ALETHEA ARNAQUQ-BARIL | CANADA | 2016 | 85 MIN | DOCUMENTARY
Free admission. All are welcome.
Seal meat is a staple food for Inuit, and many of the pelts are sold to offset the extraordinary cost of hunting. Inuit are spread across extensive lands and waters, and their tiny population is faced with a disproportionate responsibility for protecting the environment. They are pushing for a sustainable way to take part in the global economy, but in opposition stands an army of well-funded activists and well-meaning celebrities.
Arnaquq-Baril and her cameras travel through the Canadian Arctic, giving voice to the people the animal activists rarely bother to meet: the hunters, the craftspeople, the families for whom the seal hunt is a critical part of their livelihood and survival. She follows a group of students to Europe, where they plead the Inuit case before a European Union panel.
The film interweaves the reality of Inuit life with the story of their challenge to both the anti-sealing industry and those nations that mine resources on Inuit lands while simultaneously destroying the main sustainable economy available to the people who live there. As one student said, “We need to stop the cultural prejudice that is imposed on us by not being allowed to benefit from our natural surroundings without having to drill into the ground. And that’s really all we want as a people.”
Alethea Arnaquq-Baril (Inuk) is an award-winning filmmaker from the Canadian Arctic, where her production company, Unikkaat Studios, is based. She is known for her award-winning works Tunniit: Retracing the Lines of Inuit Tattoos, Inuit High Kick, Lumaajuuq: The Blind Boy and the Loon, and the animated short Sloth. She was an executive producer on Miranda de Pencier’s award-winning Throat Song and co-produced both Arctic Defenders, a feature documentary by John Walker, and, with White Pine Pictures, the feature documentary Experimental Eskimos. Most recently, Alethea directed Aviliaq: Entwined as part of imagineNATIVE’s second Embargo Collective.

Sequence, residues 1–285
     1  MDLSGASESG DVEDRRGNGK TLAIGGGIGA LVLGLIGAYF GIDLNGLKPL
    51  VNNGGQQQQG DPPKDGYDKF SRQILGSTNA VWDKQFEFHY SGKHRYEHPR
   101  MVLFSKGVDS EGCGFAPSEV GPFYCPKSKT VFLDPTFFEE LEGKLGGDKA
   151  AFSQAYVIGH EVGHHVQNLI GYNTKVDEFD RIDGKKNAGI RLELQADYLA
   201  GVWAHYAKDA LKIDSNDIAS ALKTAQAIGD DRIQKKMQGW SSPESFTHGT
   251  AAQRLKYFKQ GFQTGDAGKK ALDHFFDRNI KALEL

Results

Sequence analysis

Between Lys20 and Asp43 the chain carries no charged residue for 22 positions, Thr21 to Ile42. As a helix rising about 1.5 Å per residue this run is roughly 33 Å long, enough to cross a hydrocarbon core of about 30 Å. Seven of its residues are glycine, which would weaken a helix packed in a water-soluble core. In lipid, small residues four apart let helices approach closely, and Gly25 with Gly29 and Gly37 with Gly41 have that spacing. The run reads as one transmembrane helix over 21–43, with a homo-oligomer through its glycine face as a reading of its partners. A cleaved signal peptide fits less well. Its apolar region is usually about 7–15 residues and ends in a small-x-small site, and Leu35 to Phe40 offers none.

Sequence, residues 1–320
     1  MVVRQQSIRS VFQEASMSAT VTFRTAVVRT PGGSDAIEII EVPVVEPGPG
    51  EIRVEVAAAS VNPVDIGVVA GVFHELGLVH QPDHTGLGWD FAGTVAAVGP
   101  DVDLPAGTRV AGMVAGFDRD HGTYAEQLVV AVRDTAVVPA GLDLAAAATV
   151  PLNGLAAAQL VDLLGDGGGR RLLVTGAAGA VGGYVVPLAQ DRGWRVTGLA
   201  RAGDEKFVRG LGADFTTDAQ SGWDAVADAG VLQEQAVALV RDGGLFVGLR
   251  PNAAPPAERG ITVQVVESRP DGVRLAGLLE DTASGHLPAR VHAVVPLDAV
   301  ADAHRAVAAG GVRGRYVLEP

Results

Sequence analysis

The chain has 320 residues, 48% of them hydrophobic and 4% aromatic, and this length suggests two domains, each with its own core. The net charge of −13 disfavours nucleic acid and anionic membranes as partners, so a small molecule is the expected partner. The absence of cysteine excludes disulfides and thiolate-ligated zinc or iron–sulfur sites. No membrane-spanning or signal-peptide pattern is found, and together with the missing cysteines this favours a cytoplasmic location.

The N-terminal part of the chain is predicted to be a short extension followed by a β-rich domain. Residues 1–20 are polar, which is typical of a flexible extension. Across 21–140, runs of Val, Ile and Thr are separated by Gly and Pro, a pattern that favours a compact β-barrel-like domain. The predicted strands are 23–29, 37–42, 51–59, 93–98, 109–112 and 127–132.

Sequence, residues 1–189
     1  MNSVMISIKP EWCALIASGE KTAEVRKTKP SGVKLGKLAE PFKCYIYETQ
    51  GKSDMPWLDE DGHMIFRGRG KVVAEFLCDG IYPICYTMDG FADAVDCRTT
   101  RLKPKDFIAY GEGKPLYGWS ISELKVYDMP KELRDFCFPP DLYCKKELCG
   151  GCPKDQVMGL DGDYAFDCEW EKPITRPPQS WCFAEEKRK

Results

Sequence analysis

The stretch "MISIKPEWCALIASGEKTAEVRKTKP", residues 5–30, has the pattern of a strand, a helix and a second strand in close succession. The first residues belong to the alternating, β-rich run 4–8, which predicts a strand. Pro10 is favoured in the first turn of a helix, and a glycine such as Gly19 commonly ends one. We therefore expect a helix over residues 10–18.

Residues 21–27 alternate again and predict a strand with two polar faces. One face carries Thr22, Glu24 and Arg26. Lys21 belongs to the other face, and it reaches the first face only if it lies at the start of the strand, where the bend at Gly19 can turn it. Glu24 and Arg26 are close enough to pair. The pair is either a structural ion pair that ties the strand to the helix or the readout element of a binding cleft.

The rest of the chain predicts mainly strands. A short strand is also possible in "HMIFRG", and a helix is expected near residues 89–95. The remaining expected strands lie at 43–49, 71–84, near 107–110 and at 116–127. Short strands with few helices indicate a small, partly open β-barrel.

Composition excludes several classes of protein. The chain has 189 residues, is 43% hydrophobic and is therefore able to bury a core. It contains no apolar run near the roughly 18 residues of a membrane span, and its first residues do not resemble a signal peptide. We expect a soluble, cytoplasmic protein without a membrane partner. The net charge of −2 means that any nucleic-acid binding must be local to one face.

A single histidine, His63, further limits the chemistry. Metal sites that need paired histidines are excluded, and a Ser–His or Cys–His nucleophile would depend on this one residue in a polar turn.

For more information, please contact Tara Bursey, Program Coordinator, Workers Arts & Heritage Centre at firstname.lastname@example.org or (905) 522-3003 ex. 29
This program takes place over Hamilton Arts Week, an annual civic celebration of the arts. For more information about Hamilton Arts Week and it’s many offerings across the city, visit the Hamilton Arts Council’s #HamArtsWeek website.